Administration of Virus-Specific Cytotoxic T-Lymphocytes (LYPTAIST)
|The safety and scientific validity of this study is the responsibility of the study sponsor and investigators. Listing a study does not mean it has been evaluated by the U.S. Federal Government. Read our disclaimer for details.|
|ClinicalTrials.gov Identifier: NCT00590083|
Recruitment Status : Completed
First Posted : January 10, 2008
Last Update Posted : February 19, 2014
|Condition or disease||Intervention/treatment||Phase|
|Adenovirus Infection||Biological: CTL administration||Phase 1|
Viral infection is one of the major causes of morbidity and mortality in patients who receive bone marrow transplantation (BMT) from unrelated or mismatched donors. This increased risk of infection relates to a number of factors including the immunosuppressive regimens these patients receive, delayed immune recovery and the greater genetic disparity between donor and recipient that result in defective interactions between antigen presenting cells and immune system effector cells. In most cases viral infection post BMT results from reactivation of latent virus and CMV, EBV and adenoviruses (Ad) are the commonest viral pathogens causing disease after transplant.
The incidence of Ad infection is >25% for patients at risk in the first 100 days after transplant 1 2. In the transplant population, adenovirus is recoverable from many sites and may cause hemorrhagic cystitis, pneumonitis, nephritis, hepatitis, colitis and pancreatitis, often with severe morbidity and a mortality approaching 60%3. The most frequently used drug for the treatment of adenoviral infections is Cidofovir. But while there are occasional reports of responses to Cidofovir, no approved antiviral agent has proven efficacy for the treatment of severe Ad disease, nor are there any prospective randomized, controlled trials of potentially useful anti-Ad therapies 4. With the increasing use of so-called submyeloablative or reduced intensity, highly immunosuppressive conditioning regimens, higher rates of Ad infections/reactivation have been observed due to prolonged immune suppression. The onset of Ad disease/reactivation has recently been reported to occur at a median of 18 days post-transplant (range -7/>+100) 2.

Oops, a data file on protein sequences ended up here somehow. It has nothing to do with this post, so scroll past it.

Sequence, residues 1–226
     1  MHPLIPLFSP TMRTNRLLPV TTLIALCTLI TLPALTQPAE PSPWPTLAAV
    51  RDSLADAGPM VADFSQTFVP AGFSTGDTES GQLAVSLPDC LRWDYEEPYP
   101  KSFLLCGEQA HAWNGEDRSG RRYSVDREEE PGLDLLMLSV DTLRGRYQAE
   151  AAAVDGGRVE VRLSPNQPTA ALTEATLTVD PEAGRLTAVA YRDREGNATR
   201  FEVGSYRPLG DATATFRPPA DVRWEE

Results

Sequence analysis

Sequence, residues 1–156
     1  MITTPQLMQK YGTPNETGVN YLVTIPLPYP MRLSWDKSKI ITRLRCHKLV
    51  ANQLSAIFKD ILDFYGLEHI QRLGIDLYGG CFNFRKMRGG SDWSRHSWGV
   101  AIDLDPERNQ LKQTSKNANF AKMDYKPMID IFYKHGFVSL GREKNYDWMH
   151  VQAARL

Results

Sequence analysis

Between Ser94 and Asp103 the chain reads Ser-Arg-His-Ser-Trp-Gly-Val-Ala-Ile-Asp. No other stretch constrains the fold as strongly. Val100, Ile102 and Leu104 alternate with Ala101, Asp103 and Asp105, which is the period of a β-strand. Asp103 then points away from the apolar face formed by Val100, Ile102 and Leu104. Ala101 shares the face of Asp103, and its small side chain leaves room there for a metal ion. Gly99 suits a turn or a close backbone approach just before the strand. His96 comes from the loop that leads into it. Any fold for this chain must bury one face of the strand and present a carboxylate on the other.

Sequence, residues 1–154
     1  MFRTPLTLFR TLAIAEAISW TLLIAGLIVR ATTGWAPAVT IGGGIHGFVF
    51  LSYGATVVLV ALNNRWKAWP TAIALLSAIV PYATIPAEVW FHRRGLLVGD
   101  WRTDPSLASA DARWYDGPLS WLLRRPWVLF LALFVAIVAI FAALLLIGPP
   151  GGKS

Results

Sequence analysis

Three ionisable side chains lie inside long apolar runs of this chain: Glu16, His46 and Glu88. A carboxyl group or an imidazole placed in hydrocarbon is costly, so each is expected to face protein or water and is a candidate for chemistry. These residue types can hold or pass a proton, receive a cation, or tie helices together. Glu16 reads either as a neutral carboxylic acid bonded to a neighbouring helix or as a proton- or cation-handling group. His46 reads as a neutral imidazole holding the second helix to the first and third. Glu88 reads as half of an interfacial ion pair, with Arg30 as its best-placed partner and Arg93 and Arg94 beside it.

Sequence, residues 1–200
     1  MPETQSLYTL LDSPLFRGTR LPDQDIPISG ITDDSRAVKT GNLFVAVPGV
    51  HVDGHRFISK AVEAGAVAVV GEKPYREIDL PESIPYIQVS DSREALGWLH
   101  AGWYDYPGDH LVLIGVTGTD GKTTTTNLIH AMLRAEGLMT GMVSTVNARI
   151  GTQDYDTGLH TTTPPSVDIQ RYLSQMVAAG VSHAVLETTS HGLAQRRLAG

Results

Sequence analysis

As viral complications in these patients are clearly associated with the lack of recovery of virus-specific cellular immune responses, reconstitution of the host with in vitro expanded CTLs is an effective approach to prevent and treat these diseases. Adoptive immunotherapy with in vitro expanded CTLs has proved effective in preventing and treating diseases related to Epstein Barr virus (EBV) infections 5; 6 and cytomegalovirus (CMV) reactivations7 in hematopoietic stem cell transplant (HSCT) recipients. A promising strategy to generate donor-derived Ad-specific CTL is the infection of monocytes that direct the CTL response to viral capsid antigens8. This approach allows exposure to all proteins in the Ad protein coat, leading to presentation of multiple, undefined antigen epitopes. Hence, the investigators now plan to use a recombinant Ad vector for infection of donor-derived monocytes. These infected monocytes will then be used as antigen presenting cells (APC) to generate Ad-specific CTL in vitro. For the expansion of the Ad-specific CTL, the second stimulation will use irradiated, Ad-infected monocytes and subsequent stimulations will use donor-derived Lymphoblastoid Cell Lines (LCL) transduced with the Ad vector as an APC 9.